The Telegraph (UK)'s Scores

  • Music
For 611 reviews, this publication has graded:
  • 64% higher than the average critic
  • 4% same as the average critic
  • 32% lower than the average critic
On average, this publication grades 3.3 points higher than other critics. (0-100 point scale)
Average Music review score: 75
Highest review score: 100 An Appointment with Mr. Yeats
Lowest review score: 20 At Your Inconvenience
Score distribution:
  1. Negative: 2 out of 611
611 music reviews
    • 83 Metascore
    • 100 Critic Score
    The album was recorded in Berlin and the dark pulse of that Krautrock influence gives the songs a steely sleekness of purpose (and real cohesion), while the band layer a vigorous variety of sounds and tempos on top to keep things interesting.
    • 60 Metascore
    • 100 Critic Score
    A fizzy lifting drink of an album.
    • 86 Metascore
    • 100 Critic Score
    Cohen’s triumphant return to the live arena is reflected in the growling assuredness of his vocals. An absolute treat.
    • 61 Metascore
    • 100 Critic Score
    If Art Official Age is a juicy reaffirmation of Prince pop basics, Plectrumelectrum, his collaborative album with 3rdEyeGirl, represents a more intriguing departure, even if it too reaches back into the past, making a bold connection with a time when Jimi Hendrix was the last great black American rock star, before funk really left rock 'n' roll to the white man.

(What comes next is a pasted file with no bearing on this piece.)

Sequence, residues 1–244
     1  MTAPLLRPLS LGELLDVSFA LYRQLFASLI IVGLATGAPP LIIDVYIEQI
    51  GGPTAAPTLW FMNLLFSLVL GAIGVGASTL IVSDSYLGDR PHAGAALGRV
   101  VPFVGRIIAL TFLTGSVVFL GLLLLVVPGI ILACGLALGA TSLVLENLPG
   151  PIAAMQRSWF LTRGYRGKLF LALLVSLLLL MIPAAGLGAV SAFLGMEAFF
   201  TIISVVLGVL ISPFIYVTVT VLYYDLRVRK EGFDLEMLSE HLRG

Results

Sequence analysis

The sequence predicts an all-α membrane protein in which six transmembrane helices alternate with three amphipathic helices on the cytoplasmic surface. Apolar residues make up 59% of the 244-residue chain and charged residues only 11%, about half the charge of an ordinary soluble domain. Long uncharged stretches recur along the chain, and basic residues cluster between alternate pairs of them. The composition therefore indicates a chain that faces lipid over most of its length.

• 79 Metascore
    • 100 Critic Score
    Gospel choirs hum and swell tenderly beneath the rougher edges of his riffs. They add mature, universal gravitas and often a holy ecstacy to an intense, youthful lyrical tangling of religion and romantic obsession that regularly finds him poised "between love and abuse".
    • 85 Metascore
    • 100 Critic Score
    This set is a fine reminder of his magnificent legacy of film work.
    • 70 Metascore
    • 100 Critic Score
    The results rate with his best work, by turns reflective and attacking, on which lyrics sparkle and music breathes and flows with a sure touch.
    • 82 Metascore
    • 100 Critic Score
    Some will scoff, but imagine a beloved grandfather at a family gathering singing ballads of love and yearning from his lost youth, and you will get some idea of the power of this extraordinary record.
    • 84 Metascore
    • 100 Critic Score
    The songwriting class shows. In addition, the musicianship is top notch.
    • 80 Metascore
    • 100 Critic Score
    Deeply infused with rich, subtle hooks, Modern Nature is a patient album that warms the bones with a steady fusion of mid-tempo Curtis Mayfield soul (muzzy organ, bongos and funk guitar), with memories of Madchester club nights (baggy beats, chunky chords, shoegazer vocals) and tasteful string arrangements.
    • 83 Metascore
    • 100 Critic Score
    Creating a 21st-century album that is still able to deal in an original and touching way with the big and interesting subjects of love and death is a trick that many folk and country musicians try to pull off and few achieve, especially in the impressive way that Gretchen Peters does with her 2015 album Blackbirds.
    • 84 Metascore
    • 100 Critic Score
    The result is the gorgeous Tomorrow is My Turn, which shows off the full singing range and power of the frontwoman for innovative string-band trio the Carolina Chocolate Drops.
    • 81 Metascore
    • 100 Critic Score
    No doubts about this: Short Movie is a masterpiece.
    • 96 Metascore
    • 100 Critic Score